His definition: “the malevolent critic of creation, the sleepless vigilance of evil against good.”

The victory of the saints will be his downfall. Our choice for the true life is his defeat. Our victory is the Blood of the Lamb. There is no condemnation for those in Christ; therefore the accuser has no power over us.

He will always try to injure Christ through the church. When Paul was cruelly determined to wipe out the followers of Jesus, he heard the voice on the road to Damascus. Jesus directly identified with His church and asked Paul:

“Saul, Saul, why are you persecuting and oppressing Me? (Acts 9:4)

The woman escapes with eagles’ wings.

You have seen what I did to the Egyptians, and how I carried you on eagles’ wings, and brought you to Myself. (Exodus 19:4)

The image of eagles’ wings has always been a spiritual pillar of support.

“As an eagle that protects its nest, that flutters over its young,

He spread out His wings and took them, He carried them on His pinions. (Deuteronomy 32: 11-12)

But those who wait for the Lord [who expect, look for, and hope in Him] will gain new strength and renew their power;

They will lift up their wings [and rise up close to God] like eagles [rising toward the sun]; they will run and not become weary,

They will walk and not grow tired. (Isaiah 40:31)

The wings of an eagle are symbolized in the outstretched arms of Jesus on the Cross. It is always inclusive and welcoming to all.

The serpent is enraged by the escape of the woman. He invokes the flood to destroy, but the waters will not destroy the woman. The earth opens to swallow the river. In God’s hands Nature is used to save, rather than destroy. Water in Asia Minor often went underground to reappear later.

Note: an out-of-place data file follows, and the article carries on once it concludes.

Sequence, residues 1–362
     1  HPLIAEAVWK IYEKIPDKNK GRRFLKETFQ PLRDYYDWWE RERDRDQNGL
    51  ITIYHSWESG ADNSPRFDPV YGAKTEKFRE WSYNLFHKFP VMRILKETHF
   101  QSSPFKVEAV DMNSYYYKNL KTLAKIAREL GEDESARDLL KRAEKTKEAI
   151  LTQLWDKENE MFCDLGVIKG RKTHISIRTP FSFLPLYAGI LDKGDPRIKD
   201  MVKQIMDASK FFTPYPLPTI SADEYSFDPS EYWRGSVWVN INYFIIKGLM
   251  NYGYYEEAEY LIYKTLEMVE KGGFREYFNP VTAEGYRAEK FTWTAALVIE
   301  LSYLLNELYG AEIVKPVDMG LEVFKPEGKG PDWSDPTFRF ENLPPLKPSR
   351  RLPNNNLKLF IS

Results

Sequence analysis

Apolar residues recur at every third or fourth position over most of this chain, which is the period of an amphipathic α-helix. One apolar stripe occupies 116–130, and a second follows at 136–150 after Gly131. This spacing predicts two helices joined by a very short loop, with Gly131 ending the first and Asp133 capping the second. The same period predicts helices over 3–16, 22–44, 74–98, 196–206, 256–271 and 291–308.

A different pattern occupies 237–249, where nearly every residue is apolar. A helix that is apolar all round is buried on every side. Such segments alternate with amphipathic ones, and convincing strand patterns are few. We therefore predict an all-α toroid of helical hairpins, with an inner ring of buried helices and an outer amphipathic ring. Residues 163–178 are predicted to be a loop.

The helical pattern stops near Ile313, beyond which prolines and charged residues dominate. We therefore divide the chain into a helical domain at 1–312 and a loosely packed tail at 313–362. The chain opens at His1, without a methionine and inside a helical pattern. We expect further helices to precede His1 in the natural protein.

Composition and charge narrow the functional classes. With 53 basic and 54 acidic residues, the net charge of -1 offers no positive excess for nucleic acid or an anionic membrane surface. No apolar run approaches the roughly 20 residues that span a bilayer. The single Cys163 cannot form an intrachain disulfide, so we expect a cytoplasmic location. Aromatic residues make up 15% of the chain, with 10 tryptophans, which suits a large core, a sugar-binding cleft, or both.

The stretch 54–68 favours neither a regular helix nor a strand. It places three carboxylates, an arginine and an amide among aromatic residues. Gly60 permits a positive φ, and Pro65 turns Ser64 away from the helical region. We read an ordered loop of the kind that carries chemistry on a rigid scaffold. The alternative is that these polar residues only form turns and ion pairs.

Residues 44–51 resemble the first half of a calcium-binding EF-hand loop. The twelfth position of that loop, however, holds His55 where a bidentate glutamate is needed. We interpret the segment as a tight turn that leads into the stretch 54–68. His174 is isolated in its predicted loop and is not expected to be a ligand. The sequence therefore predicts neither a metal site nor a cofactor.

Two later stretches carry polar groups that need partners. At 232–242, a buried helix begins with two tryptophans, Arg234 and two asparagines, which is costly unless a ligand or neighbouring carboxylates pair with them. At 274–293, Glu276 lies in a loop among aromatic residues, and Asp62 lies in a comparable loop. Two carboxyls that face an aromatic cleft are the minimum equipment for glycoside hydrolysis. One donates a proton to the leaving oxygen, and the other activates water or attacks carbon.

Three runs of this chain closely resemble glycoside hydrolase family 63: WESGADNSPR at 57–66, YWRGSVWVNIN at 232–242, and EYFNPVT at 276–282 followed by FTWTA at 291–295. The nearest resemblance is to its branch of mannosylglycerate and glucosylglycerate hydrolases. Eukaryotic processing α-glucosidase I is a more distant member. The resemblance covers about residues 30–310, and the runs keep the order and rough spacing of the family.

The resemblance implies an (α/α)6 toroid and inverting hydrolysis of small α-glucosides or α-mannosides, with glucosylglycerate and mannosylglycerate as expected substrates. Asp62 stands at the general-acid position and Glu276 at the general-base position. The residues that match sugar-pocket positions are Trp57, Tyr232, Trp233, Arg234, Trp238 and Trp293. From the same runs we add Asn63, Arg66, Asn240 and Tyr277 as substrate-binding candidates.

The promise to the saints stands firm. God controls the flood. (Psalm 42:7, 124:4, 32:6.)

 When you pass through the waters, I will be with you;

And through the rivers, they will not overwhelm you.

When you walk through fire, you will not be scorched,

Nor will the flame burn you. (Isaiah 43:2)

God promises that the flood will not prevail against you. You will be victorious.


Christmas Pebble – December 2015

Dear Pebble pals,

It is the time of year, which nobody can ignore, whether you find yourself in circumstances you wish for or in a place of struggle and heartache. God is mighty and has done great things. He will do it for you. That is the core message of Christmas. Sing the ancient song of Mary in Luke 1:

My soul magnifies the Lord, and my spirit has rejoiced in God my Savior, for He who is mighty has done great things for me, and holy is His name.

May God be your silver and gold. He is the source of hope and peace. We do not need anything more besides the One who said: I am the Light of the World.

Let the Word of God speak to you as to Israel of old.

Yet now be strong, Zerubbabel,’ says the Lord; ‘and be strong, Joshua, son of Jehozadak, the high priest; and be strong, all you people of the land,’ says the Lord, ‘and work; for I am with you,’ says the Lord of hosts. ‘According to the word that I covenanted with you when you came out of Egypt, so My Spirit remains among you; do not fear!’

 “For thus says the Lord of hosts: ‘Once more (it is a little while) I will shake heaven and earth, the sea and dry land; and I will shake all nations, and they shall come to the Desire of All Nations, and I will fill this temple with glory,’ says the Lord of hosts. ‘The silver is Mine, and the gold is Mine,’ says the Lord of hosts. ‘The glory of this latter temple shall be greater than the former,’ says the Lord of hosts. ‘And in this place I will give peace,’ says the Lord of hosts.”

Haggai 2:4-9.

 May the peace of the Lord of Hosts be with you all this Christmas and throughout 2016.



31. It has begun… look up and take hold.